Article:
First year students’ perceptions of the importance of good teaching: not all things are equal.
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First year undergraduate students at Griffith University were surveyed to explore their perceived importance of various aspects of good teaching typically used to assess course quality. There were significant differences between males and females, disciplines, passing and failing students, and native and non-native English speakers in terms of the strength of rated importance of different aspects of good teaching. These differences could influence CEQ ratings for courses depending on the enrolment profile. From the students' perspective four aspects of good teaching consistently emerged as the most important (i) being good at explaining things, (ii) being approachable, (iii) having enthusiasm for the subject matter, and (iv) providing helpful feedback. The next most important aspects were: making expectations clear, making subject matter interesting and using assessment strategies that did not reward memorisation.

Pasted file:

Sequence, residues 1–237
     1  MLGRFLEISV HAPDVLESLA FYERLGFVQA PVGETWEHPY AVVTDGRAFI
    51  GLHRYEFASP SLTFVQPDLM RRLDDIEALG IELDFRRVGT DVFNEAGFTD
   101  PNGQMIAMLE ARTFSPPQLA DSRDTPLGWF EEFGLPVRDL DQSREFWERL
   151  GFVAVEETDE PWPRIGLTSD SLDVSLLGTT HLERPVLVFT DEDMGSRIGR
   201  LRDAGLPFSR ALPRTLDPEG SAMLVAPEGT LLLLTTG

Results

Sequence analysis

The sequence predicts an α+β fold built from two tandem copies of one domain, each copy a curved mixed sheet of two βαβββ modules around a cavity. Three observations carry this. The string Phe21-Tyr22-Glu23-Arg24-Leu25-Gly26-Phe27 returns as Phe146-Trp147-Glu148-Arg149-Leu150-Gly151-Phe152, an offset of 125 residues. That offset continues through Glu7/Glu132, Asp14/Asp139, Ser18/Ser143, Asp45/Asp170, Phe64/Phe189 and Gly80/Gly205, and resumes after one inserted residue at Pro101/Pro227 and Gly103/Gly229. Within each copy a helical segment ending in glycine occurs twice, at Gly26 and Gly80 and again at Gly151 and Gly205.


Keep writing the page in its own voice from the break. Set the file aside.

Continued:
Critical Visions: Thinking, Learning and Researching in Higher Education, Volume 29
© 2006 Higher Education Research and Development Society of Australasia Inc.